Further education (FE) teachers are integral in shaping the workforce of the future. Computer science teachers play a crucial role in giving students the desire and drive to forge a career in the computing world, whether in website design, 3D modelling or IT consulting.
It has never been a better time to become a computer science teacher. With the majority of jobs having a digital element to them, “it is predicted that within 20 years 90% of all jobs will require some element of digital skills”.
With skills such as coding, computer programming and cyber security growing in importance in the workplace, the UK government announced a boost to computer science teaching in 2018. Nick Gibb, Minister for School Standards, announced the UK’s first ever National Centre of Computing Education to ensure the next generation is equipped with the technological skills needed to help the UK continue as a leading global digital economy.
In 2015, the digital sectors contributed £118bn to the UK’s economy and an estimated 1.2m more people with specialist digital skills are needed by 2022. Exports of digital goods and services are currently worth over £50bn.
The Qualified Teacher Status route is the most common for FE teachers. To follow this path, you will need a relevant degree (a subject knowledge enhancement course is required if the degree is not deemed relevant), a GCSE grade C/4 in English and maths, and pass a professional skills test and DBS check.
Eddie Playfair of the Association of Colleges explains that FE teachers should take an interest in the latest news in education policy, the curriculum and funding policies. He recommends trying “to see the whole student in the context of their life and their identity; the hopes and skills they bring with them, the challenges they face, their learning and their future progression”.
The best universities to study a computer science degree in the UK for 2021 are (overall score in brackets):
Though largely a graduate profession, FE teaching jobs can be had without holding a degree. This would usually be the case when a candidate has relevant work experience. For computer science, specifically, experience as an IT consultant, web developer and cyber security analyst, for example, would enable a college to overlook the lack of a teaching qualification.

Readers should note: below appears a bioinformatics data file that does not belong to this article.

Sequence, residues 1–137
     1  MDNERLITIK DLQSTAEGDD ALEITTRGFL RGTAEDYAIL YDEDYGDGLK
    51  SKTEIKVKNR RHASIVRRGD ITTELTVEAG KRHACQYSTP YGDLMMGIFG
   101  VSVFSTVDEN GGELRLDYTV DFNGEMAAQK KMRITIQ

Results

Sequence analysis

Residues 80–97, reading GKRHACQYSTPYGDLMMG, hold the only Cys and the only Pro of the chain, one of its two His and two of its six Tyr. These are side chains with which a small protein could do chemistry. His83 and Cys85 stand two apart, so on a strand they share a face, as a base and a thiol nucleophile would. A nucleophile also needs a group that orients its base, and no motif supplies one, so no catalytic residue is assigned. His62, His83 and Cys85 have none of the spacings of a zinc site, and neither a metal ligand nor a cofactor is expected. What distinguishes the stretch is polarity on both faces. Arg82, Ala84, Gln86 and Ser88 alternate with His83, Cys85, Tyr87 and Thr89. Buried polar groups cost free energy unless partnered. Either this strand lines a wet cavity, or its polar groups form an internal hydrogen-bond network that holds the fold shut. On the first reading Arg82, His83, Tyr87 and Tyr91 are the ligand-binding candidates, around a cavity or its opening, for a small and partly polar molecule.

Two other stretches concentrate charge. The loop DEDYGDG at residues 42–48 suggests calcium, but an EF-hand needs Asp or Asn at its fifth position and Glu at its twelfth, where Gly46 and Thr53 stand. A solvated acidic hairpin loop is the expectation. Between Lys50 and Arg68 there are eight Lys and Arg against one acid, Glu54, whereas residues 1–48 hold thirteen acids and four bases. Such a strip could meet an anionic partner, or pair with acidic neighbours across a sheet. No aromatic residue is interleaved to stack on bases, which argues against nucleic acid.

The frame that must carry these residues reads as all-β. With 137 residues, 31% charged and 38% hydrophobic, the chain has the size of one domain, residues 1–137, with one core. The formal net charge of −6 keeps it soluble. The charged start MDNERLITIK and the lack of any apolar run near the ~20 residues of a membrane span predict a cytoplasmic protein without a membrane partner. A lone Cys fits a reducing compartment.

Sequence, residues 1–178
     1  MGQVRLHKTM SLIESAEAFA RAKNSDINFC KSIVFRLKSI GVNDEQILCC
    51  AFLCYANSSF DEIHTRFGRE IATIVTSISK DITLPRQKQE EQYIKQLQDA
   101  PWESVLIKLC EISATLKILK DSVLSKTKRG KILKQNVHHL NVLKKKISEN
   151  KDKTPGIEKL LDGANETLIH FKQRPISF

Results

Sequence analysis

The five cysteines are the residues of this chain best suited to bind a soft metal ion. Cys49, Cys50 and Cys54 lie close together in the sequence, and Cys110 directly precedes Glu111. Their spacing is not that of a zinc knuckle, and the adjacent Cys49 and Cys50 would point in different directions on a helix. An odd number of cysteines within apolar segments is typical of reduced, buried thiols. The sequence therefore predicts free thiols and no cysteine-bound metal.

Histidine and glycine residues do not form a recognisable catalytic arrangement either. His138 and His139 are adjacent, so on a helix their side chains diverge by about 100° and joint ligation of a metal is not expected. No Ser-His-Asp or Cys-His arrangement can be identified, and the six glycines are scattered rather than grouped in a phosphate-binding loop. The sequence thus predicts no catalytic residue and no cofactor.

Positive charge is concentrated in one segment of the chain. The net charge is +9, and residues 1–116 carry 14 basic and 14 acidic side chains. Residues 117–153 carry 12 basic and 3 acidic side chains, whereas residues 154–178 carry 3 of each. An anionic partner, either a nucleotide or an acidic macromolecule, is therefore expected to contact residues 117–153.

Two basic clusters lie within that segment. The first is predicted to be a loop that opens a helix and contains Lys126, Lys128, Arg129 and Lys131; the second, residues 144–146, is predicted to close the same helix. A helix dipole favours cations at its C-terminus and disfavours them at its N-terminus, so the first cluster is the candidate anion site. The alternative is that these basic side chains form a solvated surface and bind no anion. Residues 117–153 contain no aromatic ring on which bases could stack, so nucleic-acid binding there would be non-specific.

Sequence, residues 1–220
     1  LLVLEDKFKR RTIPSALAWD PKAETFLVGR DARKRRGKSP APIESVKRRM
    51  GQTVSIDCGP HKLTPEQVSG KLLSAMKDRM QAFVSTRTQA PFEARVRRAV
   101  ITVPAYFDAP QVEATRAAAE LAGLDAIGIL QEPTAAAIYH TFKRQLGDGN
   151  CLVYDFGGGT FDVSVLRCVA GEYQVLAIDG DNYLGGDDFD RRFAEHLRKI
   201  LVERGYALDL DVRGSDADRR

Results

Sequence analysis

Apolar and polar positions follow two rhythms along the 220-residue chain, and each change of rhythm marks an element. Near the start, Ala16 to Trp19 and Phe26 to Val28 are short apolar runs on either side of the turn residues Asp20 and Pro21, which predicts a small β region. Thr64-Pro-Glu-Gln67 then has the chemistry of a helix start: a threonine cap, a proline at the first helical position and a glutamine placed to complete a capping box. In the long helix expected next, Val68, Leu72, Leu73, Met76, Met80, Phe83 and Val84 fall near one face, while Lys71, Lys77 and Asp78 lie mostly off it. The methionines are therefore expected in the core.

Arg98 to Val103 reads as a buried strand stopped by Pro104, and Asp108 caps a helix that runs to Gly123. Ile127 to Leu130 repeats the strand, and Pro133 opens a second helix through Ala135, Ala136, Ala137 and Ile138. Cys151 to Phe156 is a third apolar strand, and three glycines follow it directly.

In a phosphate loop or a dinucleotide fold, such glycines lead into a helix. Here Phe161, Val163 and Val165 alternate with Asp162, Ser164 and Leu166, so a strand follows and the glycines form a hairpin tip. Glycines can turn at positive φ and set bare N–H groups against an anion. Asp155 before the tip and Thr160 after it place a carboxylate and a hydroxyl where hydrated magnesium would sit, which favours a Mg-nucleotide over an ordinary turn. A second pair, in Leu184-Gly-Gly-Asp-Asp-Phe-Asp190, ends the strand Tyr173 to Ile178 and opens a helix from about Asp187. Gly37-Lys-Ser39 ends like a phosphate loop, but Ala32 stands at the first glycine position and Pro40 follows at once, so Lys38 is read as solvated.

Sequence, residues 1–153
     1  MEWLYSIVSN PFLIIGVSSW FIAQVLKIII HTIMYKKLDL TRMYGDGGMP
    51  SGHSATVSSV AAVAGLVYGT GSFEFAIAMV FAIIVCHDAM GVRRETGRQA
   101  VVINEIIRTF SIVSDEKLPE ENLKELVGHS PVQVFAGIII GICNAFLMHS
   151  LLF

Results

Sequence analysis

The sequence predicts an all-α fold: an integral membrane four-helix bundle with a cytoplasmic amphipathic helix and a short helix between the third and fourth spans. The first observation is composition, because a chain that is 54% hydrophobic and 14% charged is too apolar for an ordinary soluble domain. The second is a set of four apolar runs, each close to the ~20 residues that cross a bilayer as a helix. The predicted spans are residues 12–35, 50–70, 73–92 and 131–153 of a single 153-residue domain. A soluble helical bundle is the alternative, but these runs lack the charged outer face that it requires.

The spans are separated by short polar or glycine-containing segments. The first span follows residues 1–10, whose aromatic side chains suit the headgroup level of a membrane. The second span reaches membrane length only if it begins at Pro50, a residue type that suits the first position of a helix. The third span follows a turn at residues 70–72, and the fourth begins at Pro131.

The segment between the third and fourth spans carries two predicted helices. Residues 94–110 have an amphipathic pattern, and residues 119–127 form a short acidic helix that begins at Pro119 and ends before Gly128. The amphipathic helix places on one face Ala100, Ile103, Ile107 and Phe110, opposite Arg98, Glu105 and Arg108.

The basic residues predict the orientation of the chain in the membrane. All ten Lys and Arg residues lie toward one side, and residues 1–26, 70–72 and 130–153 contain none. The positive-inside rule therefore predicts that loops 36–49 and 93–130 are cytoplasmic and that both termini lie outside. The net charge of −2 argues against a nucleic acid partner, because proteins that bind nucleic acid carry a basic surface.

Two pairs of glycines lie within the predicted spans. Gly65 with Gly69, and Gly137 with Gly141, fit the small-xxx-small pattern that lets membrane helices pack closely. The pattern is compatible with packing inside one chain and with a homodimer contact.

An FE computer science teacher role will normally require a minimum of a Level 3 teaching qualification. A relevant teaching qualification may also be expected, though these are not mandatory under law.
According to UCAS, these include:
Requirements for new FE teachers to have such qualifications were lifted by the government in 2013 so don’t be put off exploring job options if you don’t yet have a teaching qualification. You may even be able to earn one on the job.
If you needed a further incentive to become an FE computer science teacher, teacher training bursaries and grants for the academic year of 2020/21 are worth between £12,000 and £26,000.
The Department for Education explains that additional funding for training with a tuition fee, maintenance loan and extra financial support is available for candidates who are parents or have a disability.
Computer science teachers working in secondary schools in the UK can also take advantage of the student loan reimbursement scheme. Teachers that are in the first to fifth years of their careers must meet employment and subject criteria to apply for the scheme. This may be a scheme that is expanded to FE in the coming years so watch this space.
It is very beneficial that candidates keep their subject knowledge up-to-date as technological advances are frequent. A successful candidate will need to show skills in a range of IT related areas.
The IT lecturer role at Peterborough Regional College requires the successful candidate to have knowledge in digital security, programming, digital graphics and hardware development. Proven teaching/training experience is preferred.
To get ahead in the interview, it is recommended that you display your commitment to ongoing professional development. Strong interpersonal skills will always be looked upon favourably.
There is absolutely no reason why a 2.2 degree should be a barrier to becoming an FE teacher. Basic eligibility requirements for teacher training eligibility include a degree (non-specified grade) and a GCSE in maths and English at grade C / 4 (or standard equivalent).
Although colleges will have slightly different recruitment criteria to each other, Prospects states that to be eligible for postgraduate teacher training, “you'll need a minimum of a 2:2 degree, plus other requirements such as a Disclosure and Barring Service (DBS) check”.
An unqualified FE computer science teacher can expect to earn between £19,758 to £23,325. Once qualified, this rises to between £24,702 and £37,258. These rates are recommended by the Association of Colleges. The average salary for a computer science teacher is £36,400 per year. This equates to £18.67 per hour.
As of July 2020, recommendations from relevant bodies to see FE teachers receive a 5.5% pay rise were accepted by UK education secretary Gavin Williamson. This is the biggest pay rise for teachers in a generation and will be worth between £1,342 and £1,677, depending on location.